states

Public funding alone not enough to expand rural broadband

The Federal Communications Commission (FCC) estimates that nearly one-fourth of the rural population —14.5 million people — lack access to broadband services. In tribal areas, nearly one-third of the population lacks access. Even in areas where broadband is available, approximately 100 million Americans still do not subscribe to services.

Workforce, broadband, rural investments at play in governors’ plans for economic development

As governors continue to roll out their State-of-the State addresses in the month of February, we continue to see a heavy focus on recovering from the pandemic. Given most state’s fiscal condition, governors have been generally hesitant to roll out new initiatives during this time, although broadband continues to receive attention, especially with the renewed attention surrounding its importance during the pandemic.

ITIF’s long-running State New Economy Index issues 2020 state ranks

Utah and Maryland have climbed the ranks and moved into third and fourth place behind two long-standing leaders in the Information Technology and Information Foundation’s (ITIF) State New Economy Index. The index measures states’ structural capacity for successfully navigating a global economy that is increasingly driven by technological innovation. ITIF’s recent release of the updated 2020 index and state rankings provides a long-term picture of how several states have been strengthening their economies for the future.

$5.5B for R&D in CA among critical state ballot initiatives

With the general election less than one month away, SSTI has reviewed the 120 state ballot initiatives throughout the country for innovation-related issues. Education, gig workers, redistricting and issues surrounding elections and state budgets are scattered across the country and can affect the future of innovation through funding, talent and political will. Read below for coverage on the initiatives that could have an impact on different segments of the economy and the future of innovation.

Policy positions of gubernatorial candidates in 11 states discussed

Eleven states are holding gubernatorial elections this year with nine incumbents seeking reelection, two of which are facing off against their lieutenant governor. Only one governor, Steve Bullock in Montana, is term-limited and unable to seek reelection. In Utah, Gov. Gary Herbert is stepping down from the position he has held for 10 years. While many of the races this year will reflect referendums on the current governor’s response to the COVID-19 pandemic, many of the candidates have announced their innovation and economic development initiatives.

NGA offers roadmap for state leaders to build a resilient workforce

After more than a year of research and facing greater disruption to the workforce than imagined at the outset, the National Governors Association (NGA) has released a guide for governors and state policymakers to help build a technologically resilient workforce. Written before the COVID-19 outbreak, the authors of the report attest that trends previously identified will only accelerate, and thus there is even greater urgency for policy transformations that should be implemented as part of a system wide, resilient education and workforce development agenda.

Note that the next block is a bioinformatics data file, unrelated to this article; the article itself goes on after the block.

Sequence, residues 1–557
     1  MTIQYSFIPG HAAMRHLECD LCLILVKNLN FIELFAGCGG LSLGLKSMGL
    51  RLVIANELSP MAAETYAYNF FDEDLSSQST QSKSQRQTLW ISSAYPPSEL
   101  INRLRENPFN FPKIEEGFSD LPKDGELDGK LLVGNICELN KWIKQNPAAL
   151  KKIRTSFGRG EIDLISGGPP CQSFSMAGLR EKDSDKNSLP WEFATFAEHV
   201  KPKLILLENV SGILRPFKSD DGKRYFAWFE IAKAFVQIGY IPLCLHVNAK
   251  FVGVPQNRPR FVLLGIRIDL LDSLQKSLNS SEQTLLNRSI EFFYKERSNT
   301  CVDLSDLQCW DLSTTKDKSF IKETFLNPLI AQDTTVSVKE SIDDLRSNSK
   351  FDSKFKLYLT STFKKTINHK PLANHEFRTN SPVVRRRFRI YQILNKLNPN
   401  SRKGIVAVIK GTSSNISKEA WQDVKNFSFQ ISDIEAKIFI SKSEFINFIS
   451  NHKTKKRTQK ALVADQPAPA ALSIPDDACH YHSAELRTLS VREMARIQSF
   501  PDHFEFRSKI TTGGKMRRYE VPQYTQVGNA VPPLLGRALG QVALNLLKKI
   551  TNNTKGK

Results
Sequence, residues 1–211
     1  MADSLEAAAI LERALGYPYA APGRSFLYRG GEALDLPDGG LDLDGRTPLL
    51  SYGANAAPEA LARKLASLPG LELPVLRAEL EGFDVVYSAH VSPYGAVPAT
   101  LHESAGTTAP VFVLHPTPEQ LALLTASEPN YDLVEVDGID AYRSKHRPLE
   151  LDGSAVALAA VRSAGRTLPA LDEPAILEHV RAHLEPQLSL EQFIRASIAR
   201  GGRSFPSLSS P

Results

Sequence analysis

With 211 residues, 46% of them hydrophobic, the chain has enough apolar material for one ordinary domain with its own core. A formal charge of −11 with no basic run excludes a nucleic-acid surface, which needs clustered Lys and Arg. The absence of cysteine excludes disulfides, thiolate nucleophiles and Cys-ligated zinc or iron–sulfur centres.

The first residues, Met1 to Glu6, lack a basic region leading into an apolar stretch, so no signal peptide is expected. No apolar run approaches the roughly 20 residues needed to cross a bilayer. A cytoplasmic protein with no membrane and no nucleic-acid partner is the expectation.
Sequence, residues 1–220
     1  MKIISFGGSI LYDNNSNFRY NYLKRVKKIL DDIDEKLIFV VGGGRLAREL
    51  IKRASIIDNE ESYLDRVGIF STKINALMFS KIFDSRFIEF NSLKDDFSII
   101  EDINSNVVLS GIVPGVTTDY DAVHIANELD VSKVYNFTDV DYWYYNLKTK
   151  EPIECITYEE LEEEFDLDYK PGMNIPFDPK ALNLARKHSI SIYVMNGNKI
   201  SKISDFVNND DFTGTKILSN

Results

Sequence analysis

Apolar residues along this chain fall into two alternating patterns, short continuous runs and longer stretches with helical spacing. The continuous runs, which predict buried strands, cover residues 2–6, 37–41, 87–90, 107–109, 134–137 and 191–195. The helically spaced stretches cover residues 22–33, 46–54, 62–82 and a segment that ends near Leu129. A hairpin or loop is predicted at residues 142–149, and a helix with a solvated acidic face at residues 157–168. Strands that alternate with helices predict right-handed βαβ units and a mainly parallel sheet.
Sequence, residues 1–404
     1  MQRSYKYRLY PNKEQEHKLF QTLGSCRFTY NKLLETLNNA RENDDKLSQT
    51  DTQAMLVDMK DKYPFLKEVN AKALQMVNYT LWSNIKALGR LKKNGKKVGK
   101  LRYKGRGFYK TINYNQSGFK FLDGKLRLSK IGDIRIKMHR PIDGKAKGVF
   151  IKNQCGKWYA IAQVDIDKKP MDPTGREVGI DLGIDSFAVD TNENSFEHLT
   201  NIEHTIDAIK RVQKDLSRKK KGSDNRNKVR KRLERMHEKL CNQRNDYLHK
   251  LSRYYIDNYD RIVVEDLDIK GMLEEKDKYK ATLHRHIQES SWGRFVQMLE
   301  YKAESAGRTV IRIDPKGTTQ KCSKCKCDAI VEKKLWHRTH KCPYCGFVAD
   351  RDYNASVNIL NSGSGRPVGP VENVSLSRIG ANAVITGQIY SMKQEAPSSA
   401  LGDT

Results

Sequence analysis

Recent Research: North Carolina’s SBIR/STTR matching program yields results

Since 2005, the One North Carolina Small Business Program has made 423 SBIR/STTR matching awards worth nearly $26 million to more than 250 businesses throughout the state. A new assessment, which updates an earlier report, provides academic rigor to a standard program review. The results indicate that even beyond survey-based attestations to the program’s value, there is a statistically-significant impact of North Carolina’s funding for the competitiveness of recipients.

State budget recovery likely years away, SSTI analysis shows

A new report from the Congressional Budget Office (CBO) indicates that the U.S. economy through 2030 will have $8 trillion (as measured in 2019 dollars) less in economic activity than the CBO projected just five months ago.  Combined with SSTI’s recent examination of economic recovery that found it took 20 states at least four years for their economy to recover back to Great Recession levels, the impact on state budgets can be expected to be long lasting. In fact, a new examination by SSTI finds that through FY 2018, 15 states’ general revenue funds had not recovered to FY 2008 levels (as measured in 2018 dollars) based on data collected by the National Association of State Budget Officers (NASBO). For an additional 16 states, it took seven to 10 years to reach FY 2008 levels.

Pew: How states pay for natural disasters in an era of rising costs

A new Pew study sheds light on how states utilize budgeting tools in response to natural disasters. The study identifies five key tools used by states — statewide disaster accounts, rainy day funds, supplemental appropriations, transfer authority, and state agency budgets — and discusses eligibility and restrictions around each.

States dealt blow with pandemic

In general, the effect of the pandemic on states’ budgets due to the wave of business, retail, and commerce shutdowns, as well as other reduced economic activity across the nation, is not entirely known, or too early to forecast; however, a number of states are beginning to experience the initial impacts of a substantial downturn. With several states having already enacted their 2020-21 budgets, special sessions are expected later this year to deal with declining revenues. Others ended sessions early without a new fiscal year spending plan in place.

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